In addition, politicians such as U.S. Senator Elizabeth Warren have criticized big mergers for giving a handful of companies too much clout. President-elect Trump said in October that his administration would not approve the AT&T-Time Warner merger “because it’s too much concentration of power in the hands of too few.”

During the campaign, Trump didn’t signal what his broader approach to mergers would be. But the early signs are that his administration will weaken antitrust enforcement and strengthen the hand of economists. He selected Joshua Wright, an economist and professor at George Mason’s Antonin Scalia Law School, to lead his transition on antitrust matters. Wright, himself a former consultant for Boston-based Charles River Associates, regularly celebrates mergers in speeches and articles and has supported increasing the influence of economists in assessing monopoly power. “Mergers between competitors do not often lead to market power but do often generate significant benefits for consumers,” he wrote in The New York Times this week.

A late Obama administration push to scrutinize major deals notwithstanding, the government over the past several decades has pulled back on merger enforcement. In part, this shift reflects the influence of Carlton and other economists. Today, lawyers still write the briefs, make the arguments and conduct the trials, but the core arguments are over economists’ models of what will happen if the merger goes ahead.

These complex mathematical formulations carry weight with the government because they purport to be objective. But a ProPublica examination of several marquee deals found that economists sometimes salt away inconvenient data in footnotes and suppress negative findings, stretching the standards of intellectual honesty to promote their clients’ interests.

Earlier this year, a top Justice Department official criticized Compass Lexecon for using “junk science.” ProPublica sent a detailed series of questions to Compass Lexecon for this story. The firm declined to comment on the record.

Even some academic specialists worry that the research companies buy is slanted. “This is not the scientific method,” said Orley Ashenfelter, a Princeton economist known for analyzing the effects of mergers. Referring to one Compass study of an appliance industry deal, he said, “The answer is known in advance, either because you created what the client wanted or the client selected you as the most favorable from whatever group was considered.”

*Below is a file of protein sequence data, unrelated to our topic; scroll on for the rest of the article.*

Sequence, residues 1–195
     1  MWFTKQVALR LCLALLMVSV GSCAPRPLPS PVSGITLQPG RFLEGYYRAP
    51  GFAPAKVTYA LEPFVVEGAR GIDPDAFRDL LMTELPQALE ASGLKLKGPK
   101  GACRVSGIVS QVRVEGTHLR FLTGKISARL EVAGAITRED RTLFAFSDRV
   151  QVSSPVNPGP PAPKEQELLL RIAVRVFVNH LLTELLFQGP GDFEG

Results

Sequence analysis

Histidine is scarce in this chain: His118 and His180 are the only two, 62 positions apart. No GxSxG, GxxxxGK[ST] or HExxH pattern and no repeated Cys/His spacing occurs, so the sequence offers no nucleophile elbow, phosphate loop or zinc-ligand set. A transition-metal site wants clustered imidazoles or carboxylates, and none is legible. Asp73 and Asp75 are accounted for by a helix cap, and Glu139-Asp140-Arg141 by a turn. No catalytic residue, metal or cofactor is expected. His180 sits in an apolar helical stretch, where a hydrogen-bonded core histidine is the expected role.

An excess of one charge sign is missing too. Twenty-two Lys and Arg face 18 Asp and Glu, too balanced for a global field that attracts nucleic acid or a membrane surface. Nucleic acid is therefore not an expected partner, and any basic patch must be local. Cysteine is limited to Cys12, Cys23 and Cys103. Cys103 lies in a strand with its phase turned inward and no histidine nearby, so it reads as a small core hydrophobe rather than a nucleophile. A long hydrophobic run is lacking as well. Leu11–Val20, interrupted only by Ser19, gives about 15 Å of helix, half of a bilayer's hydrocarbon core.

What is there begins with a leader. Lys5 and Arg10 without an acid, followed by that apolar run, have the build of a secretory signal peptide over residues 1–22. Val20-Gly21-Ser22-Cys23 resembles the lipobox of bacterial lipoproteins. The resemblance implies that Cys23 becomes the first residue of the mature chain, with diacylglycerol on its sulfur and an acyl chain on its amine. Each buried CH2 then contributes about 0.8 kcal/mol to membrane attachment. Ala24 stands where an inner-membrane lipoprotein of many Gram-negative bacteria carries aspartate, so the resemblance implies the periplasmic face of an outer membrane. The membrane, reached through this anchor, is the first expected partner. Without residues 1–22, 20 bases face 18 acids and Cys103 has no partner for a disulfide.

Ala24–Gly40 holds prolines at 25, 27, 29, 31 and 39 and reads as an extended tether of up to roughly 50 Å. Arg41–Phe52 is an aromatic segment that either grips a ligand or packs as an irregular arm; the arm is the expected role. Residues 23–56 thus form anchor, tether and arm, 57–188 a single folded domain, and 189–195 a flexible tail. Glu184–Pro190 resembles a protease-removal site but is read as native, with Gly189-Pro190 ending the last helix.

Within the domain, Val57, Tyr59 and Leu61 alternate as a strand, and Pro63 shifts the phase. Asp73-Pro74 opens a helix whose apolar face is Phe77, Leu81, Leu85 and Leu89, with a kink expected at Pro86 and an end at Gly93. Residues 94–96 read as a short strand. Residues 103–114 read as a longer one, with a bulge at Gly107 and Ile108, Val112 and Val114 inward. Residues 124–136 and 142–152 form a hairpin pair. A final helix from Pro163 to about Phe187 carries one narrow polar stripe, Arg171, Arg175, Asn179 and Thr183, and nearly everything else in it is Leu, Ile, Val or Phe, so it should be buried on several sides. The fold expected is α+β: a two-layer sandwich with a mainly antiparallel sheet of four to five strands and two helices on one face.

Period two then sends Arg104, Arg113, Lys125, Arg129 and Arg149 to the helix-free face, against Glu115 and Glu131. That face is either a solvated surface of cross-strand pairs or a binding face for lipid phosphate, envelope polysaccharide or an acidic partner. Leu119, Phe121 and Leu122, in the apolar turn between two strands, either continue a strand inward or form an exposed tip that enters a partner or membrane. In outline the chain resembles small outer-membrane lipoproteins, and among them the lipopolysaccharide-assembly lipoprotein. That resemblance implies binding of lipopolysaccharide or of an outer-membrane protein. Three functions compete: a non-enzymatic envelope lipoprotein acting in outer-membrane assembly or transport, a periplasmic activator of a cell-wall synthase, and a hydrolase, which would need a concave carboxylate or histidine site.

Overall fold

In contrast to their scholarship, the economists’ paid work for corporations rests almost entirely out of the public eye. Even other academics cannot see what they produce on behalf of clients. Their algorithms are shared only with government economists, many of whom have backgrounds in academia and private consulting, and hope to return there. At least seven professors on Compass’s payroll, including Carlton, have served as the top antitrust economist at the Department of Justice. Charles River Associates boasts at least three.

“There are few government functions outside the CIA that are so secretive as the merger review process,” said Seth Bloom, the former general counsel of the Senate Antitrust Subcommittee.

ONE EVENING IN 1977, University of Chicago law professor Richard Posner hosted a colleague from the economics department and a young law student named Andrew Rosenfield at his apartment in Hyde Park. The leading scholar of the “Law and Economics” movement, Posner wanted to apply rigorous math and economics concepts to the real world. “Why not see if there are some consulting opportunities?” he mused. The three of them agreed to form a firm, throwing in $700 for a third each. They called it “Lexecon,” combining the Latin for law with “econ.”

The trio then shopped their services to a dozen law firms, which all turned them down. “If you had to value the firm at the end of the tour, you’d have to say it was zero,” said Rosenfield.